Government type: unitary republic; multiparty presidential regime (opposition parties legalized 1990)

Capital: Yaounde

Administrative divisions: 10 provinces; Adamaoua, Centre, Est, Extreme-Nord, Littoral, Nord, Nord-Ouest, Ouest, Sud, Sud-Ouest

Dependent areas

Independence: 1 January 1960 (from UN trusteeship under French administration)

National holiday: National Day, 20 May (1972)

Constitution: 20 May 1972

Legal system: based on French civil law system, with common law influence; has not accepted compulsory ICJ jurisdiction

International law organization participation

Citizenship

Suffrage: 20 years of age; universal

Executive branch
Chief of state: President Paul BIYA (since 6 November 1982); election last held 11 October 1992; results - President Paul BIYA reelected with about 40% of the vote amid widespread allegations of fraud; SDF candidate John FRU NDI got 36% of the vote; UNDP candidate Bello Bouba MAIGARI got 19% of the vote
Head of government: Prime Minister Simon ACHIDI ACHU (since 9 April 1992)
Cabinet: Cabinet; appointed by the president

Legislative branch: unicameral
National Assembly Assemblee Nationale: elections last held 1 March 1992 (next scheduled for March 1997); results - (180 seats) CPDM 88, UNDP 68, UPC 18, MDR 6

Judicial branch: Supreme Court

Political parties and leaders

International organization participation: ACCT, ACP, AfDB, BDEAC, CCC, CEEAC, ECA, FAO, FZ, G-19, G-77, GATT, IAEA, IBRD, ICAO, ICC, ICFTU, ICRM, IDA, IDB, IFAD, IFC, IFRCS, ILO, IMF, IMO, INMARSAT, INTELSAT, INTERPOL, IOC, ITU, NAM, OAU, OIC, PCA, UDEAC, UN, UNCTAD, UNESCO, UNIDO, UPU, WCL, WFTU, WHO, WIPO, WMO, WTO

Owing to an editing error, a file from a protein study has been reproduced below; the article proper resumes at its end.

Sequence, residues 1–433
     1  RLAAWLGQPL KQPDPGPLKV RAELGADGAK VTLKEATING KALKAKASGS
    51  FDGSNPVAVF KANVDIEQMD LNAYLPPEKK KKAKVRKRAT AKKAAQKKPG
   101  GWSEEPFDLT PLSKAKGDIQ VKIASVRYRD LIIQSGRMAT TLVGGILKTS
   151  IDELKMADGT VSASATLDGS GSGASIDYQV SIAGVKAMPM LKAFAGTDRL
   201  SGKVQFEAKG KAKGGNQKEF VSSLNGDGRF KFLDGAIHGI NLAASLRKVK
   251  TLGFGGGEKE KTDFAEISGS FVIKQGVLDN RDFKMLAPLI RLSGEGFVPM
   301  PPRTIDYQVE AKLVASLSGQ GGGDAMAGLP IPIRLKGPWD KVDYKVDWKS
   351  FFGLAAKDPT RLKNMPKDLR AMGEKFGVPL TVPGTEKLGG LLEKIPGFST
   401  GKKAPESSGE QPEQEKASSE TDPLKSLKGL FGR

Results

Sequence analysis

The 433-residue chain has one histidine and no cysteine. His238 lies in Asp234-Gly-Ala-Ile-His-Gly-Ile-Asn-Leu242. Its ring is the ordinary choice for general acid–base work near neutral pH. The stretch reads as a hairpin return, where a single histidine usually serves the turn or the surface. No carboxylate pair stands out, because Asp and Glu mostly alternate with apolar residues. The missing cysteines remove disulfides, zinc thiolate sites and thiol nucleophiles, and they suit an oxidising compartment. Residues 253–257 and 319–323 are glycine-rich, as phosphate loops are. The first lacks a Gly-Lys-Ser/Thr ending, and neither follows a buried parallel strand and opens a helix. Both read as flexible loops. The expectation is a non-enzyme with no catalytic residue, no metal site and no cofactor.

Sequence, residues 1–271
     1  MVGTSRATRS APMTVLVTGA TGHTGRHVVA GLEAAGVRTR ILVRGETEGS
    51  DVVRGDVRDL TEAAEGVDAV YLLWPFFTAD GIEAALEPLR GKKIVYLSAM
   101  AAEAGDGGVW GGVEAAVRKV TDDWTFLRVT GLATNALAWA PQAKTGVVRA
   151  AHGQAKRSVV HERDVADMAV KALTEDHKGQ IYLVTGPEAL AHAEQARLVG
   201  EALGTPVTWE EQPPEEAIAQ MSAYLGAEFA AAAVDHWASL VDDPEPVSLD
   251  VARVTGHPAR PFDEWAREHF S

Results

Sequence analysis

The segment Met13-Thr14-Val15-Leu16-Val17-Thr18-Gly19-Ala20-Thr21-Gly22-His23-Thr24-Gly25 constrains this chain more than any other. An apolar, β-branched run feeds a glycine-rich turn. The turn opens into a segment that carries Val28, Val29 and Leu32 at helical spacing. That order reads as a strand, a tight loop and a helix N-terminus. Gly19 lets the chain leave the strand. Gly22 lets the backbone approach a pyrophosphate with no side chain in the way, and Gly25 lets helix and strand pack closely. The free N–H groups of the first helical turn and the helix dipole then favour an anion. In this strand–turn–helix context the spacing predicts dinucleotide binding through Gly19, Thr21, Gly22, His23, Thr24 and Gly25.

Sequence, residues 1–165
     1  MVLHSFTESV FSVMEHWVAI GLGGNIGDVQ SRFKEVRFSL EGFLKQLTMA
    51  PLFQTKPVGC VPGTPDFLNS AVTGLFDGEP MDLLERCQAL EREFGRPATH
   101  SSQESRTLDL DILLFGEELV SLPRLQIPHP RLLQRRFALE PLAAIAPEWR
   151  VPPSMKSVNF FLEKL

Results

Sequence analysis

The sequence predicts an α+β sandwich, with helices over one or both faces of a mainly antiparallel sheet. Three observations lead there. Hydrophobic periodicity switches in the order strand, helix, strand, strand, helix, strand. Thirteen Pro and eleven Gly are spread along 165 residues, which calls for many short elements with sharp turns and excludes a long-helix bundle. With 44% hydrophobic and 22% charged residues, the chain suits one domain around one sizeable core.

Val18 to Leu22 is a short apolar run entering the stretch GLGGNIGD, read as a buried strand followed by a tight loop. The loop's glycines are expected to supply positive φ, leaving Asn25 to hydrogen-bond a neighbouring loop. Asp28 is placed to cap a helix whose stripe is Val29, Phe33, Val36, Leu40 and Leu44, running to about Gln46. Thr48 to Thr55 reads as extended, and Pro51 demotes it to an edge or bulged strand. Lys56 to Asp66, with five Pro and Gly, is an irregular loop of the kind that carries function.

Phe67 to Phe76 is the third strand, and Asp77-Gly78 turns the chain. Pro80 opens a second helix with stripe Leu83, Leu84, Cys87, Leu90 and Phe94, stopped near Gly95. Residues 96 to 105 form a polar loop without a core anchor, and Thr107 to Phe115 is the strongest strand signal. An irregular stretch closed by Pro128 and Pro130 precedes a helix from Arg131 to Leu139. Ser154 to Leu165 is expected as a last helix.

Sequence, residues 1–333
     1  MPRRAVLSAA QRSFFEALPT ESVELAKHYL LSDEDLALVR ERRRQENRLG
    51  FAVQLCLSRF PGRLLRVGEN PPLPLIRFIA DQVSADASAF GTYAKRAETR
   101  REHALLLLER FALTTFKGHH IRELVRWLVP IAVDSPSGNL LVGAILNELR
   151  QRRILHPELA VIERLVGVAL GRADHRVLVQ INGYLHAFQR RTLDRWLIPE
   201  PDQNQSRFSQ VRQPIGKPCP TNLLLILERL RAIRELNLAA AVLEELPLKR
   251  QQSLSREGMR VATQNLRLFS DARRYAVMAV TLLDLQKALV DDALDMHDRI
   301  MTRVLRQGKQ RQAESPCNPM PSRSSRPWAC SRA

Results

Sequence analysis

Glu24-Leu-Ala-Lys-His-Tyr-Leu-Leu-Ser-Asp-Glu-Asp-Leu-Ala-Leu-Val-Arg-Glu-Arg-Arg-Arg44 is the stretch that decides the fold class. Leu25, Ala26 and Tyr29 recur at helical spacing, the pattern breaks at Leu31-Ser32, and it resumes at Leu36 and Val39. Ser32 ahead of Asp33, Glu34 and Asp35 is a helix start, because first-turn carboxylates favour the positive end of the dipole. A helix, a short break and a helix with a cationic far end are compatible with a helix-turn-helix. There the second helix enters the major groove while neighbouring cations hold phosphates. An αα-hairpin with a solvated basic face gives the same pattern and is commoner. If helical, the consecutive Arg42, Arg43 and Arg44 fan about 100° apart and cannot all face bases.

Diplomatic representation
In the us chief of mission: Ambassador Jerome MENDOUGA
In the us chancery: 2,349 Massachusetts Avenue NW, Washington, DC 20,008
In the us telephone: [1] (202) 265-8,790 through 8,794
From the us chief of mission: Ambassador Harriet W. ISOM
From the us embassy: Rue Nachtigal, Yaounde
From the us mailing address: B. P. 817, Yaounde
From the us telephone: [237] 23-40-14
From the us FAX: [237] 23-07-53
From the us consulates: none (Douala closed September 1993)

Flag descriptionflag of Cameroon: three equal vertical bands of green (hoist side), red, and yellow with a yellow five-pointed star centered in the red band; uses the popular pan-African colors of Ethiopia

National symbols

National anthem

National heritage


Cameroon - Economy 1995
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Economy overview: Because of its offshore oil resources and favorable agricultural conditions, Cameroon has one of the best-endowed, most diversified primary commodity economies in sub-Saharan Africa. Still, it faces many of the serious problems facing other underdeveloped countries, such as political instability, a top-heavy civil service, and a generally unfavorable climate for business enterprise. The development of the oil sector led rapid economic growth between 1970 and 1985. Growth came to an abrupt halt in 1986, precipitated by steep declines in the prices of major exports:coffee, cocoa, and petroleum. Export earnings were cut by almost one-third, and inefficiencies in fiscal management were exposed. In 1990-93, with support from the IMF and World Bank, the government began to introduce reforms designed to spur business investment, increase efficiency in agriculture, and recapitalize the nation's banks. Political instability, following suspect elections in 1992, brought IMF/WB structural adjustment to a halt. Although the 50% devaluation of the currency in January 1994 improved the potential for export growth, mismanagement remains and is the main barrier to economic improvement.

Real gdp purchasing power parity

Real gdp growth rate: -2.9% (1994 est.)

Real gdp per capita ppp

Gross national saving
Gdp composition by sector of origin

Gdp composition by end use

Gdp composition by sector of origin

Agriculture products: the agriculture and forestry sectors provide employment for the majority of the population, contributing about 25% to GDP and providing a high degree of self-sufficiency in staple foods; commercial and food crops include coffee, cocoa, timber, cotton, rubber, bananas, oilseed, grains, livestock, root starches

Industries: petroleum production and refining, food processing, light consumer goods, textiles, lumber